Amber Turk, 13, describes herself as the “proud daughter of Richard Turk, GC line.” She wrote this letter while her dad was on the east coast helping restore power after Hurricane Sandy.
Hi my name is Amber Turk, I’m the daughter of Richard Turk (MEO), a PG&E GC Line worker.
On October 30, my dad and all of his co-workers—Anthony Vasconez (lineman), Ben Moore (lineman), and Chad Lavezzo (foreman)—got sent to New York to help people because of Storm Sandy. People ask me, “Don’t you miss your dad all the way in New York?”
I say, “Yeah, I do miss my dad a lot but other people are depending on him too so he can put their power back on.”
Before my dad left, as he was packing his suitcase, it was especially hard for me because my grandfather had just passed away two weeks ago. So I went to drastic measures to try to convince my dad to let me go with him to New York. So I got inside my dad’s suitcase and told him “Dad I’m ready to go and I’m travel size.” I pleaded with my dad to let me go with him and that I would bring all my homework and wouldn’t get behind in school.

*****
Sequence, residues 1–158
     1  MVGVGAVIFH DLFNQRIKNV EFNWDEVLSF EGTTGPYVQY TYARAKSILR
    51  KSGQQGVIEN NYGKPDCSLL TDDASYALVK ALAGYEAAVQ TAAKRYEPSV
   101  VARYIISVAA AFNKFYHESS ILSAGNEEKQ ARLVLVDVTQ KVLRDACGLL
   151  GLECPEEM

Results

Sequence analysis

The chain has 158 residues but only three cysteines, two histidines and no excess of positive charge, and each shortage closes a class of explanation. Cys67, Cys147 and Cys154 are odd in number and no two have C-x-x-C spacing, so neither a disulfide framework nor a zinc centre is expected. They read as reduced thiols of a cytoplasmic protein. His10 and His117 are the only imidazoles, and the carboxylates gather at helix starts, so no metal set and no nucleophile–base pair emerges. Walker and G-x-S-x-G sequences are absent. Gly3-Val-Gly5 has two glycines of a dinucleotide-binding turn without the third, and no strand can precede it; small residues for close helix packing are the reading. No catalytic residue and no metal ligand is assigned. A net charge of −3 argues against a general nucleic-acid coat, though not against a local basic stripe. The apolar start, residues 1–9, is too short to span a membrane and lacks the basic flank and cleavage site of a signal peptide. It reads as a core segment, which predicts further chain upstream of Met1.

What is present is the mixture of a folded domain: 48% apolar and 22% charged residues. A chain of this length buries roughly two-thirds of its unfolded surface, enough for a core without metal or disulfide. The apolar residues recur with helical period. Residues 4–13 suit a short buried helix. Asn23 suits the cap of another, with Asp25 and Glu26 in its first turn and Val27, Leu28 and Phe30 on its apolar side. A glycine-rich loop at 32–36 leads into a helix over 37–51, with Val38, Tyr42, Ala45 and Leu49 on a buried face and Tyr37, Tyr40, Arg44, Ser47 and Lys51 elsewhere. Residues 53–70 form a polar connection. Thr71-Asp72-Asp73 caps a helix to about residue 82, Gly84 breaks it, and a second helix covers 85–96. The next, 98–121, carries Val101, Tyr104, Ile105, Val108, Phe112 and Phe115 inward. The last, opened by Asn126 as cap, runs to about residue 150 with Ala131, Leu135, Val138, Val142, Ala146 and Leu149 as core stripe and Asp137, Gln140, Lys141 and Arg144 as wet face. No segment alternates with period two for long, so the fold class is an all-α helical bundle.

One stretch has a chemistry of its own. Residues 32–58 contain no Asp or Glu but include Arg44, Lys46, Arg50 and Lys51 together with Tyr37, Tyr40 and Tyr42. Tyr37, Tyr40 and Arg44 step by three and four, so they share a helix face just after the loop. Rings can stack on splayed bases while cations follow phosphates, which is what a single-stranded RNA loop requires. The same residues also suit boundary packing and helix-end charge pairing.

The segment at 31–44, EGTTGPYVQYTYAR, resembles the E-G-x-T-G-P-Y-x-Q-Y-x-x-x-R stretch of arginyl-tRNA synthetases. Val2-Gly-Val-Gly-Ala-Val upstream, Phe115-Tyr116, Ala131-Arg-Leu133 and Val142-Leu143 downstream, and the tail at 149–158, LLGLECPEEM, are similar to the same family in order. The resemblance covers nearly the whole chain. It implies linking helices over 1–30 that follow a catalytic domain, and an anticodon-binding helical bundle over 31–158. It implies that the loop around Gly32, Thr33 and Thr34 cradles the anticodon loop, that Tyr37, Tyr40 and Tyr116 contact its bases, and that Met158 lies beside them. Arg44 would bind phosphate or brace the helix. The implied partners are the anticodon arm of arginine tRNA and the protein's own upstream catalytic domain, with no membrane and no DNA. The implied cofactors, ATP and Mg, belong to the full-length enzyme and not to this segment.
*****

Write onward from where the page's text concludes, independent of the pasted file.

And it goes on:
My plan B was that if I couldn’t go with him I would have to send my reinforcements , a/k/a my frog and cheetah stuffed animal in the suitcase when my dad wasn’t looking. I still couldn’t believe my stuffed animals were going to New York and I wasn’t.
My dad and I talk every night before we go to bed. I tell him what’s going on at school, like how I just recently got into the Spelling Bee and how I made him pinky promise he was going to be at the next Spelling Bee competition.
My dad mailed me a postcard from the town where the Sleepy Hollow legend was created. It was so cool to be able to get something from my dad all the way in New York. This was my first Halloween without my dad there to take me trick-or-treating or eat all my candy.
Above all I’m so proud and thankful to have a dad like mine who goes to help restore power to the people in desperate need of help. Every day I think about my dad and look up to him as my hero and counting down the days till he can come home.